Much better!

In addition, I managed to remove out the big feet and make it looks like it has just that long legs. I still need the foot but just reduce its width to 1 to hide it completely. Other things still work properly.

I captured some movement of Trideroche below.

or directly at

I’m back to code now, I have another day and 10 hours left to finish this for the jam event of Ludum dare#25.

[I originally posted this on]

Changed to use chipmunk, tested, moving forward. | LD72 no. 25

Posted by (twitter: @haxpor)
Saturday, December 15th, 2012 12:29 pm

Now the time has passed quite gracefully, more than a half day now.


Current progress is pretty much learning, and testing functionalities in chipmunk that will be used as a core in the game.

Before that, I spent first portion of the time in recalling about Box2d, and trying to make it works. I ever used Box2d once back in my experiment iOS game project quite more than a half year ago, back then it’s native and works great. But unfortunately as this time I develop on web platform using HTML5 or cocos2d-html5 framework, it doesn’t work out. Several hours were lost into the realm of physics.

Anton (@garfeild) sent me this during a jam. I should listen to him :)

I found a problem about debug information that rendered on screen incorrectly. For instance, the testcase of cocos2d-html5 itself also has a problem regarding to this issue although its functionality in forefront works properly. I asked the community about this but can’t wait as I need to step further. I can’t live in the world of physics without debug information.

A problem still occurs in cocos2d-html5 v.2.1 testcase, but its forefront functionality works properly.

So I switched to chipmunk wholeheartedly for this project. I have to admit that less code is done with chipmunk comparing to Box2d. It’s quite simple to grasp the concept of code structure than Box2d. But anyway, if I go back to iOS natively I prefer to use Box2d as it’s originally developed in C++ and well optimized for mobile usage according to my believe + with the fact that I’m a little bit shock to see chipmunk is available on premium as it means the free and open source version is kind da rip-off in sense.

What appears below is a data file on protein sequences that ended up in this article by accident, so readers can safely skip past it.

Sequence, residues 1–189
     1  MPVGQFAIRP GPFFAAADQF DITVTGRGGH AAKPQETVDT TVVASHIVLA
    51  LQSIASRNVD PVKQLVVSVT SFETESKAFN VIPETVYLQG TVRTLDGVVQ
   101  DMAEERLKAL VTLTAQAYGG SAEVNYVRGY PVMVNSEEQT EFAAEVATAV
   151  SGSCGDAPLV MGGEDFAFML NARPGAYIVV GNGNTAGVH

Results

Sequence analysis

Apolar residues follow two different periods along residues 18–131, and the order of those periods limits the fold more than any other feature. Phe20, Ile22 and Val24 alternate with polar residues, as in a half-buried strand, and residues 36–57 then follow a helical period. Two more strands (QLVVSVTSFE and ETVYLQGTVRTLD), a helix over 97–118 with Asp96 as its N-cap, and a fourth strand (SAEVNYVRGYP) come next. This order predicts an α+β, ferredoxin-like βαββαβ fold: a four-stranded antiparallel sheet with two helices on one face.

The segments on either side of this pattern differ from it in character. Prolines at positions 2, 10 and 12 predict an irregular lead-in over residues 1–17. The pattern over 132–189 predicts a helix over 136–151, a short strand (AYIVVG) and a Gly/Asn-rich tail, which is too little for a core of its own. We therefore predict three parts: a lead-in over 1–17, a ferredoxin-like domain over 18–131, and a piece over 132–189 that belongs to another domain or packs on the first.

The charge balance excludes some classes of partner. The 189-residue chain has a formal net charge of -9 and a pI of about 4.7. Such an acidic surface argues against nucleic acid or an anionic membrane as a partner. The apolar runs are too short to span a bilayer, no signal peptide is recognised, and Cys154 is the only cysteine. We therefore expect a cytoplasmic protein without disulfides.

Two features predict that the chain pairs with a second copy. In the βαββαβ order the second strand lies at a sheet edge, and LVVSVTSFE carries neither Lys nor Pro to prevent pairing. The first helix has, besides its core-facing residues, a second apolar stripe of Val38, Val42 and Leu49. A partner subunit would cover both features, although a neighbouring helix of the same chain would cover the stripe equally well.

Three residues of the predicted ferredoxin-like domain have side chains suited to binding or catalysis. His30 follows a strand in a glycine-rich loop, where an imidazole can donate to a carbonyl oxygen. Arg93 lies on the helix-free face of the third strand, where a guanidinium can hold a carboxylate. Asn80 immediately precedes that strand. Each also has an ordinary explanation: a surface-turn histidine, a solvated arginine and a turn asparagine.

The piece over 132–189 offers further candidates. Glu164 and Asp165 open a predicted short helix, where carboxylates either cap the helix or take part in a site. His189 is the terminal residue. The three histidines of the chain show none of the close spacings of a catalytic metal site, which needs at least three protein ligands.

Nonetheless, the community there at github of chipmunk is rather big with hundred-ish star and fork and it’s quite active. If nothing is super duper complex and doesn’t need 100% optimization, it’s one of your candidate option.

That’s being said. I quickly ramped up chipmunk with this link-of-the-day.

Here is what I got to move on.

Cat, cat, and cat with non-perfect shape for physics simuation.

Yeah, that’s better.

Back to code now …

[Originally posted this on my blog:]

Taking long time | LD72 no. 25

Posted by (twitter: @haxpor)
Saturday, December 15th, 2012 3:08 am

I’m taking too much time to make the base code involving Box2d up and running. This also includes a decision to change cocos2d-html5 version from 2.0 to 2.1, quite notable changes that can drag you some time.

But glad that I’ve read the rule carefully again and found out that actually there’s 2 parallel event running in Ludum Dare. I work with my another mate, so I fit in “Jam” not “Combo”. That’s being said means that I have another day to finish things off.

I stick to my plan and original idea blinking in quite fast in thinking process. I have to speed thing up though.

Box2D up and running

Box2D up and running

[I also posted at my blog here:]

Overpopulous Postmortem

Posted by (twitter: @MakeAGame)
Wednesday, May 9th, 2012 11:56 am

[My name is Carlos Leituga and I’m a Game Designer / Implementer in a Portuguese company, where I’m working on a _NEW_ Hidden Object Adventure. That one is going to take a bit to finish, so I’m back again helping the Make A Game team to create a game in 72 hours for Ludum Dare #23.]



«That’s a wrap!», we said when “alone I art” was submitted, «We’re not going to do another Ludum Dare before making full games out of this and Eggscape, okay?»

We all agreed, until seconds later someone reminded us that the next Ludum Dare was going to mark the 10th Anniversary of the competition.